Yesterday, I posed this question: Did Bruce Weber violate any agreement with the University of Illinois? If so, does such a violation void the university’s obligation to pay Weber’s $4,062,023.79 buyout?
Today, I present the materials necessary to answer that question. First is the September 2011 Restatement, Weber’s final employment contract. The following slideshow features the entire contract. The last two slides highlight the liquidation clause and the “mutual release” demanded by that clause. These are public documents.
The September 2011 Restatement contained two criteria that would release the University from its obligation to pay Weber’s buyout. The first criterion concerns “major violations” of NCAA bylaws. The second concerns “immoral conduct.”
Weber’s post-firing comments do not violate either of these provisions. However, the 2011 Restatement became inoperative on March 9, the day Weber was fired. Thus, the following section is irrelevant. It may nevertheless be interesting.
NAVIGATING THE LEGALESE
For guidance through murky contractual language, I emailed Weber’s attorney, David Sholem, these two questions:
The termination clause, which includes the “immoral conduct” clause, and the referenced paragraph “Section I(h)” are here:
Mr. Sholem responded to the first & second questions:
RETURNING TO THE RELEVANT
At the moment of Weber’s firing, the liquidity clause of his contract and the “mutual release” it required became the only operative portions of that legal document.
“Mutual release” might also be phrased “hold harmless.” Colloquially, it could be called an “I promise not to sue you” agreement. Weber was obliged to sign this release, and abide by its conditions, in return for the $4,062,023.79 buyout.
The mutual release was not a codicil, nor a final restatement to Weber’s employment contract. It was an entirely novel agreement with the University. Within this new document, in three different turns of phrase, Weber agreed to make no claims against the University.
The mutual release executed on April 17, after which time Weber’s claims against the University (its employees and agents) achieved significant attention in the media, but zero filings in courts of law. Thus, the $64,000 question (adjusted for inflation to $3.9 million) is whether Weber’s claims amount to “claims.”
As Bill Clinton might say, it depends on what the word “claims” claims.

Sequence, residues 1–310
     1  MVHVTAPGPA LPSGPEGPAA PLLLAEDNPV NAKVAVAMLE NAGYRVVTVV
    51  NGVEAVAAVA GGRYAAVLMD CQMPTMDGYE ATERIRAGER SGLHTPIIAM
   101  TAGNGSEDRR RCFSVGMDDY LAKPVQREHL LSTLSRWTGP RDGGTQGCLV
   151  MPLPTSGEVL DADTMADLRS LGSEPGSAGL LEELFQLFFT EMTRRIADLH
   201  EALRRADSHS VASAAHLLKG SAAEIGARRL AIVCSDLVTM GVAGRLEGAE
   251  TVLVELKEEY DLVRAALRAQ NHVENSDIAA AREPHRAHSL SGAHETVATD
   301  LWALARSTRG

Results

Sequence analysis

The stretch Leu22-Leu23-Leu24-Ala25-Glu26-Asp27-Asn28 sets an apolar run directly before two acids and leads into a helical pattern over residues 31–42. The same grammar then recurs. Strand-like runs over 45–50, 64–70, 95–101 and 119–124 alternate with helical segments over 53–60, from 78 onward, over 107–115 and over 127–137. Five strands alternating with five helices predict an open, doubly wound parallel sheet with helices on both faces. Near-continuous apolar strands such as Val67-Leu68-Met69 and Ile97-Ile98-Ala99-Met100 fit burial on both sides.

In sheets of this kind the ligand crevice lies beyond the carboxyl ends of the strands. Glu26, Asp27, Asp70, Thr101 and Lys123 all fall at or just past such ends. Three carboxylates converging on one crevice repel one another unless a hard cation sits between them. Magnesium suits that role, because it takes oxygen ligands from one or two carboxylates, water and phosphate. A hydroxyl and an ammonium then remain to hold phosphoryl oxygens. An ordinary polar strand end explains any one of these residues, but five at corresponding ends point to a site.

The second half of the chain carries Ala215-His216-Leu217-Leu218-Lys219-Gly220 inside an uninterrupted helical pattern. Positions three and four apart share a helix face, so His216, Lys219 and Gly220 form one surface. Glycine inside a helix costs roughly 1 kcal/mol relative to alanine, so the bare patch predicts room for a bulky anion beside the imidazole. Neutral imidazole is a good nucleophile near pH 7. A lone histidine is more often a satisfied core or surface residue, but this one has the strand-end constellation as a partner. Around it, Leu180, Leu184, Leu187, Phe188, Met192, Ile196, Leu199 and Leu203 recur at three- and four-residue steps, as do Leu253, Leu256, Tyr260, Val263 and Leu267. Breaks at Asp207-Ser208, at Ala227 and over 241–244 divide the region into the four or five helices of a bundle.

Does Weber’s claim — that his 2012 Illini “would’ve made the NCAA tournament” but for Mike Thomas’s incompetence and meddling — qualify as a “claim?” What about Weber’s claim that Mike Thomas never met with him one-on-one?
Can the phrase “future lawsuits, claims or actions” be interpreted as a triple redundancy referring only to lawsuits?
The general rule in statutory interpretation is that courts presume against redundancy.
But statutes are not contracts. Does the same rule apply?
University Counsel Thomas Bearrows answered that question: “The language in the Weber agreement to which you refer is neither superfluous nor redundant.”
That seems cut and dried.
But Bearrows also added, “it is standard ‘release’ language often used in an employment setting, including at the University of Illinois and at other institutions and businesses.”
Steve Ross, who taught Sports Law at Illinois before joining the founding law faculty at Penn State, suggests the language is mostly backwards looking: “It clearly would forestall a LEGAL claim by Weber that the AD interfered with his ability to perform his job. Whether the agreement forestalls public complaining about it is likely to turn on whether there is a confidentiality clause.”
The inclusion of a confidentiality clause seems unlikely in a contract that expressly stipulates its own public nature, but Ross speculates that “some contracts that are subject to freedom of information requests have confidentiality clauses.”
Weber’s attorney David Sholem also highlighted the retrospective view:
So what’s the answer? It’s worth $3.9 million dollars. But the Division of Intercollegiate Athletics, still struggling to return Illinois basketball to the brand status enjoyed under Bill Self, would not necessarily discontinue payments simply because it can. (We can assume Illinois paid the first installment on April 30 of this year.)
Illini basketball fans will argue about Weber. They will claim he was good or bad for the University. They can fight among themselves about his post-firing comments. But they can’t rescind his annual payments. Only the DIA or university administration can pursue a rescission or negation of the final agreement. That makes it a political decision. Thus, it just depends on which way the wind is blowing.